Friday, June 23, 2017


Figure 14.12 of Intermediate Physics for Medicine and Biology shows a log-log plot of the diffusion constant of various molecules as a function of molecular weight. In the top panel of the figure, containing the small molecules, only four are listed: water (H2O), oxygen (O2), glucose (C6H12O6), and urea (CO(NH2)2). Water, oxygen, and glucose are obvious choices; they are central to life. But what did urea do to make the cut? And just what is urea, anyway?

I will let Isaac Asimov explain urea’s importance. In his book Life and Energy he writes
“Now let us turn to the proteins, which, after digestion, enter the body in the form of amino acids. Before these can be utilized for the production of useful energy they must be stripped of their nitrogen.

In 1773 the French chemist G. F. Rouelle (Lavoisier’s teacher) discovered a nitrogenous compound in urine and named it ‘urea’ after its source. Once the composition of proteins began to be studied at the beginning of the nineteenth century, urea was at once recognized as the obvious route by which the body excreted the nitrogen of protein.

Its formula was shown to be
or, more briefly, NH2CONH2, once structural formulas became the order of the day. As it happens, urea was involved in two startling advances in biochemistry. It was the first organic compound to be synthesized from an inorganic starting material (see Chapter 13) and the enzyme catalyzing its breakdown was the first to be crystallized (see Chapter 15)."
Russ Hobbie and I mention urea again when we discuss headaches in renal dialysis.
Dialysis is used to remove urea from the plasma of patients whose kidneys do not function. Urea is in the interstitial brain fluid and the cerebrospinal fluid in the same concentration as in the plasma; however, the permeability of the capillary–brain membrane is low, so equilibration takes several hours (Patton et al. 1989, Chap. 64). Water, oxygen, and nutrients cross from the capillary to the brain at a much faster rate than urea. As the plasma urea concentration drops, there is a temporary osmotic pressure difference resulting from the urea within the brain. The driving pressure of water is higher in the plasma, and water flows to the brain interstitial fluid. Cerebral edema results, which can cause severe headaches.”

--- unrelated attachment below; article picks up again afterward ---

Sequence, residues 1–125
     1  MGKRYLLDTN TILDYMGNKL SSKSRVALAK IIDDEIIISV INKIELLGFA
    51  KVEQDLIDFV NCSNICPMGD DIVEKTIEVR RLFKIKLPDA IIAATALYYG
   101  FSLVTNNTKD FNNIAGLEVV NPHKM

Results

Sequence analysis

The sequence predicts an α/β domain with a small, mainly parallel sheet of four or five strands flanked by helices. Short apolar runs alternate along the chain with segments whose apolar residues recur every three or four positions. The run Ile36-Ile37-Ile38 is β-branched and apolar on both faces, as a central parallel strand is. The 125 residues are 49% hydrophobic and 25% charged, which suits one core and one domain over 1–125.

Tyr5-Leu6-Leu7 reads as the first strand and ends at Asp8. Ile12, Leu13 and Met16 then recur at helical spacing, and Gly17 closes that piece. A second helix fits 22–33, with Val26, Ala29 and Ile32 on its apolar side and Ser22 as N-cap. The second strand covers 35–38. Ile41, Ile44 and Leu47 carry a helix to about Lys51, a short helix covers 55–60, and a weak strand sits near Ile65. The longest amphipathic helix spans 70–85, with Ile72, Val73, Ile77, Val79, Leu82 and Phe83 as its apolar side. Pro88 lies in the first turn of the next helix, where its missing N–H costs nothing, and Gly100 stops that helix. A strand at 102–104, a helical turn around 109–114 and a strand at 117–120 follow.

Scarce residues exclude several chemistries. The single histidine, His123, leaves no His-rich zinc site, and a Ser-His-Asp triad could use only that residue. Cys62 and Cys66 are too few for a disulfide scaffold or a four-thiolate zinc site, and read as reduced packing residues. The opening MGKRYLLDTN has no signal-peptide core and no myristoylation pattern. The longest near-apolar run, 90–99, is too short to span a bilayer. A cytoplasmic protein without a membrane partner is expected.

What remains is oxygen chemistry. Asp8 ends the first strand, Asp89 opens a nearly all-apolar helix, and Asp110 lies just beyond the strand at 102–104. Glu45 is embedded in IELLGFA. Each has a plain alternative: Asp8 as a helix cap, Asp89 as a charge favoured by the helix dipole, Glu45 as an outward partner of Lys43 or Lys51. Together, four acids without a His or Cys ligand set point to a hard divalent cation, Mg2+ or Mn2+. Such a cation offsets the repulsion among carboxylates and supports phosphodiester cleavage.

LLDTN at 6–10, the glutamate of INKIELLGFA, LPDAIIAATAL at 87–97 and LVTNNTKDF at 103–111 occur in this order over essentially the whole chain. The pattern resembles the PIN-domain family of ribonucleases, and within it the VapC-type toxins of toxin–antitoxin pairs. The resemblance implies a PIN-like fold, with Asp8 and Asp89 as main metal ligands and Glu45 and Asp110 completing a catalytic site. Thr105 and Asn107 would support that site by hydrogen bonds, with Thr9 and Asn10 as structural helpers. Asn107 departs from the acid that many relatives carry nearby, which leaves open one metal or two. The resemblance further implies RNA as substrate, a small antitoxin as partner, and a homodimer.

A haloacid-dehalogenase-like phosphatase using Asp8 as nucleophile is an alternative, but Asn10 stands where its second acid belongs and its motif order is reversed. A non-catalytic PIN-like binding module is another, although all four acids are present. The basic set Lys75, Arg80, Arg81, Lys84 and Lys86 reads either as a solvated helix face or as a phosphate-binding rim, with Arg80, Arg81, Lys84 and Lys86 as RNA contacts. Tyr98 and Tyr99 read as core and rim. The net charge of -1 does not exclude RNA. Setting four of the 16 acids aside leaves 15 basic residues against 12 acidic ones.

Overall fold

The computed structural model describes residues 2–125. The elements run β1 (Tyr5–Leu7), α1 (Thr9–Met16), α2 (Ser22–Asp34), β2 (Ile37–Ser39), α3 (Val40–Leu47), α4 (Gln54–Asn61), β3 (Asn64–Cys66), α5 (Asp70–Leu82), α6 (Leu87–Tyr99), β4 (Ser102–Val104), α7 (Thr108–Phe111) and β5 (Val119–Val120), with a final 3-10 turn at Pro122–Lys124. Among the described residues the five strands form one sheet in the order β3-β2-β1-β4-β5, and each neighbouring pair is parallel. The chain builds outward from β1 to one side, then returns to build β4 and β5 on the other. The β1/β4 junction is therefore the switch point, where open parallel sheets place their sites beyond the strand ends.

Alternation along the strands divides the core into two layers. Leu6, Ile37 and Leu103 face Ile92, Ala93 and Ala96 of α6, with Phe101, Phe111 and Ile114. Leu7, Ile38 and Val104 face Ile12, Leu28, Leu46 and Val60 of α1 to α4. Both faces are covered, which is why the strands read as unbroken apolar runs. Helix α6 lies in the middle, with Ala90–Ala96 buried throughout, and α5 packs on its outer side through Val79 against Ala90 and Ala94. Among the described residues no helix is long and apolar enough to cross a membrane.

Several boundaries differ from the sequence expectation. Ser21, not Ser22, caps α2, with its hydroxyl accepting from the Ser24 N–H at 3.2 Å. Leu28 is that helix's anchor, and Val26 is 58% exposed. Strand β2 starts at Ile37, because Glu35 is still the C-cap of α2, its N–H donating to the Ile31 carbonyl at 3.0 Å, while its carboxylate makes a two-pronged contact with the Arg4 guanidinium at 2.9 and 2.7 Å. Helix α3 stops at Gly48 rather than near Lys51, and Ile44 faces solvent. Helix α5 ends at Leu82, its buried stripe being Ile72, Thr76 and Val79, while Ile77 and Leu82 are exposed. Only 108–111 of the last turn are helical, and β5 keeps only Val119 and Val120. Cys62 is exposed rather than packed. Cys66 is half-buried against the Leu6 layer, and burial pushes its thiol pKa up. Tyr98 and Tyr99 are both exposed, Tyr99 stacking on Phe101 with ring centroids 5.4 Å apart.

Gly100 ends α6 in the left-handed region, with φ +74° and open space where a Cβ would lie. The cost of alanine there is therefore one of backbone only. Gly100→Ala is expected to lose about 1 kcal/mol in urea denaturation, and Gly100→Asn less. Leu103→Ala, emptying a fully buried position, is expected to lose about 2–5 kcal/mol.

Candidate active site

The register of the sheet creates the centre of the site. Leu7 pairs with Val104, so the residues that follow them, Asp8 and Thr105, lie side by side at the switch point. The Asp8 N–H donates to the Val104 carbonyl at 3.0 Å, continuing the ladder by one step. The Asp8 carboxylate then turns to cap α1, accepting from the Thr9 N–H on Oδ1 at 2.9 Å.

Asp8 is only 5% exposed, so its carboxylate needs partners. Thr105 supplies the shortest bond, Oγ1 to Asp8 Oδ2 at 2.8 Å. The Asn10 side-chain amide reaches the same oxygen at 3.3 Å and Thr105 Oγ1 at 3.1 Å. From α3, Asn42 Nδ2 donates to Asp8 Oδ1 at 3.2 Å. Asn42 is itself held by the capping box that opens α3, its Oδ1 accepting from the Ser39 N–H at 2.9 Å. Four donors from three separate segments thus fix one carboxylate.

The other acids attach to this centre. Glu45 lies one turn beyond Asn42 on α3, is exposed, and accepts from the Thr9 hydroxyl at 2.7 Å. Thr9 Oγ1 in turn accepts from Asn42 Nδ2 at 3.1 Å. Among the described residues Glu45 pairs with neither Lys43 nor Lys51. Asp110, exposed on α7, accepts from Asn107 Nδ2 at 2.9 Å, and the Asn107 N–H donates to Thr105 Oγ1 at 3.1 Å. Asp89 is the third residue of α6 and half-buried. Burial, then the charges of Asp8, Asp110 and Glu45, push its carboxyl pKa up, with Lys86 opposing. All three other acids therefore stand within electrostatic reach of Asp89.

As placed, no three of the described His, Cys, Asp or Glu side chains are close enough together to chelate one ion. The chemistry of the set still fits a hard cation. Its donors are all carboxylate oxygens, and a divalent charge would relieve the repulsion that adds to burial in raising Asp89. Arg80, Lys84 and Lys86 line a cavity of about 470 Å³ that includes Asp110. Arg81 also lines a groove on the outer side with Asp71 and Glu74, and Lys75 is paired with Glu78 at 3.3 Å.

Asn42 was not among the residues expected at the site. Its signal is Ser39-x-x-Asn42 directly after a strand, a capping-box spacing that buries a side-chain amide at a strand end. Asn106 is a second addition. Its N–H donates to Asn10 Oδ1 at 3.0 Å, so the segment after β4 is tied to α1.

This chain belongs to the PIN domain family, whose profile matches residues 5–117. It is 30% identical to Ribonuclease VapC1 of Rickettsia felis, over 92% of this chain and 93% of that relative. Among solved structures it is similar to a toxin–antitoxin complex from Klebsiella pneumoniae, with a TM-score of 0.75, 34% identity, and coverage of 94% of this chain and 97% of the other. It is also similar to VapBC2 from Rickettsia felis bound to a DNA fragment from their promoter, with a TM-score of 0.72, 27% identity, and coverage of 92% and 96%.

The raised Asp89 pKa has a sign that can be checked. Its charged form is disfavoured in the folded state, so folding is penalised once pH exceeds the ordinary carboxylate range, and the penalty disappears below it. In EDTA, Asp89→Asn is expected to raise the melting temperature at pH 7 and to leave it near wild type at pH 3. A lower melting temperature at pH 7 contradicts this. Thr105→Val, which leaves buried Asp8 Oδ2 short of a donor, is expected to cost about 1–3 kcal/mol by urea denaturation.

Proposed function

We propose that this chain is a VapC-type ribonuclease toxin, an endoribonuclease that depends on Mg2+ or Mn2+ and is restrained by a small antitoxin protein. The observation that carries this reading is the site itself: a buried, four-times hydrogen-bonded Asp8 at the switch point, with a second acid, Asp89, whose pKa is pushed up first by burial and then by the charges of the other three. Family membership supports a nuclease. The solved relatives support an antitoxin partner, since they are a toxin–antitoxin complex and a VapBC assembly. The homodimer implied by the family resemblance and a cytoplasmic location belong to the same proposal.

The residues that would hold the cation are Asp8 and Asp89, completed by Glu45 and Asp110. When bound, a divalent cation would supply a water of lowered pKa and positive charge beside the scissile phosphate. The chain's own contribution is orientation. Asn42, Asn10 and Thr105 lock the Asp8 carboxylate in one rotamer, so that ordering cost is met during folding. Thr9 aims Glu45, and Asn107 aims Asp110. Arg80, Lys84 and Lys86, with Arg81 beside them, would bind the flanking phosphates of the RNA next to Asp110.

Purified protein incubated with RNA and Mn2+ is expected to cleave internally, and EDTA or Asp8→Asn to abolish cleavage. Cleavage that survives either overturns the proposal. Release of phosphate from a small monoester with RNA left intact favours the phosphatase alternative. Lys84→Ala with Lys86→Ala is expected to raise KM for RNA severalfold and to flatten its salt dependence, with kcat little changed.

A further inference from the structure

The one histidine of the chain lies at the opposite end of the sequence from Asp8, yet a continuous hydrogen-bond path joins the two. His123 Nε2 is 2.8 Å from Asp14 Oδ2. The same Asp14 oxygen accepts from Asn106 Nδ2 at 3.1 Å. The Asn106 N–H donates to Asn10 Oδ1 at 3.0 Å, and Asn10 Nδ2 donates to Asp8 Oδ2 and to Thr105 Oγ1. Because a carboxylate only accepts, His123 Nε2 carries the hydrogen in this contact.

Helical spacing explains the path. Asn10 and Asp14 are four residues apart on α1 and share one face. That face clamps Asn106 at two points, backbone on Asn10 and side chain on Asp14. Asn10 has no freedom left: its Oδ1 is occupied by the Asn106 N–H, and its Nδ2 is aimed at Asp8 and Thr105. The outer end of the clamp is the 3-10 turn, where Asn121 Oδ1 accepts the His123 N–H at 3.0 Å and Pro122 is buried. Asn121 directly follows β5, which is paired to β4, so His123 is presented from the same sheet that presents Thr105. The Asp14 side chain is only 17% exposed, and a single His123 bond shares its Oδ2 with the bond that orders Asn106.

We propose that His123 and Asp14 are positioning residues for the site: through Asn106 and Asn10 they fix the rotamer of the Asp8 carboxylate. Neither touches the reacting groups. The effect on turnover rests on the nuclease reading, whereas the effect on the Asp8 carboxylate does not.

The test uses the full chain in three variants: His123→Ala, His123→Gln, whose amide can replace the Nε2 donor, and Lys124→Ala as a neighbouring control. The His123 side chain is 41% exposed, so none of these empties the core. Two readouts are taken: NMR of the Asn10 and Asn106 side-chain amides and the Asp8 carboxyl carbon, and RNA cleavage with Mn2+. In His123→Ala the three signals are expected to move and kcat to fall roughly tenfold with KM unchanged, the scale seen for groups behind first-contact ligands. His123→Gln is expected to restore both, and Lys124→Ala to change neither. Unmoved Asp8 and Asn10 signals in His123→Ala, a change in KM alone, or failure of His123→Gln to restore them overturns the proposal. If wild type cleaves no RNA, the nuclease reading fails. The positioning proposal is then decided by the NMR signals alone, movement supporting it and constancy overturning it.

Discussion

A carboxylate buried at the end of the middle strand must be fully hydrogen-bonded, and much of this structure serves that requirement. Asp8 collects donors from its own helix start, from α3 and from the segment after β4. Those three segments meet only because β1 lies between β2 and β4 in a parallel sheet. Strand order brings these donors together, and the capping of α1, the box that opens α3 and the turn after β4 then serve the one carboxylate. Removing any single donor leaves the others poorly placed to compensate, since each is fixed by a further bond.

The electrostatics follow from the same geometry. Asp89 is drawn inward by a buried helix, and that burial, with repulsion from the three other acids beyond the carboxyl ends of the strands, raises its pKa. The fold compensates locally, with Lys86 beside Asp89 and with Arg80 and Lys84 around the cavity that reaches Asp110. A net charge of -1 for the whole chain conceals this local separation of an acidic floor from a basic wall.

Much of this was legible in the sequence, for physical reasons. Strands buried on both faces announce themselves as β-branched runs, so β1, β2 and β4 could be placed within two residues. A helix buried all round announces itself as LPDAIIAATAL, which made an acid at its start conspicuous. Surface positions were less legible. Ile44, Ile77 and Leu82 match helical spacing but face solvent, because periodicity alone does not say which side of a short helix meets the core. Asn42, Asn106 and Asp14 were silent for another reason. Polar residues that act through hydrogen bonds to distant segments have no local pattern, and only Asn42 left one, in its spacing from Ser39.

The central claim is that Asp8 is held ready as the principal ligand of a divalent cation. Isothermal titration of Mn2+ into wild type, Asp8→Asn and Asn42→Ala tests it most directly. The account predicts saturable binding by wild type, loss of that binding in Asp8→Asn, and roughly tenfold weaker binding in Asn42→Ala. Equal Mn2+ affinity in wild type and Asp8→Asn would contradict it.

The role of urea in refuting “vitalism” is a fascinating story. Again I will let Asimov tell it, this time quoting from his book A Short History of Biology.
“The Swedish chemist, Jons Jakob Berzelius (1779- 1848), suggested, in 1807, that substances obtained from living (or once-living) organisms be called 'organic substances,' while all others be referred to as 'inorganic substances.' He felt that while it was possible to convert organic substances to inorganic ones easily enough, the reverse was impossible except through the agency of life. To prepare organic substances from inorganic, some vital force present only in living tissue had to be involved.

This view, however, did not endure for long. In 1828, a German chemist, Friedrich Wohler (1800-82), was investigating cyanides and related compounds; compounds which were then accepted as inorganic. He was heating ammonium cyanate and found, to his amazement, that he obtained crystals that, on testing, proved to be urea. Urea was the chief solid constituent of mammalian urine and was definitely an organic compound.”
I guess urea earned its way into Figure 14.12. It is one of the key small molecules critical to life.

Friday, June 16, 2017

17 Reasons to Like Intermediate Physics for Medicine and Biology (Number 11 Will Knock Your Socks Off!)

Sometimes I read articles about blogging, and they often encourage me to make lists. So, here is a list of 17 reasons to like Intermediate Physics for Medicine and Biology. Enjoy!
  1. The book contains lots of homework problems. You learn best by doing, and there are many problems to do. 
  2. Each chapter contains a detailed list of symbols to help you keep all the math straight. 
  3. We wrote appendices about several mathematical topics, in case you need a review. 
  4. The references at the end of each chapter provide additional information. 
  5. My ideal bookshelf contains IPMB plus many related classics. 
  6. Instructors can request a solution manual with answers to all the homework problems. Email Russ Hobbie or me to learn more.
  7. Russ and I worked hard to make sure the index is accurate and complete. 
  8. See a list of my favorite illustrations from the book, including this one: 
  9. A whole chapter is dedicated to the exponential function. What more could you ask? 
  10. Equations. Lots and lots of equations.
  11. A focus on mathematical modeling, especially in the homework problems. When I teach a class based on IPMB, I treat it as a workshop on modeling in medicine and biology. 
  12. See the video about a computer program called MacDose that Russ Hobbie made to explain the interaction of radiation with tissue. 
  13. We tried to eliminate any mistakes from IPMB, but because that is impossible we list all known errors in the Errata
  14. How many of your textbooks have been turned into a word cloud? 
  15. IPMB helps students prepare for the MCAT
  16. Computer programs illustrate complex topics, such as the Hodgkin-Huxley model of a nerve axon. 
  17. Most importantly, IPMB has its own blog! How often do you have a an award-winning blog associated with a textbook? The blog is free, and its worth every penny!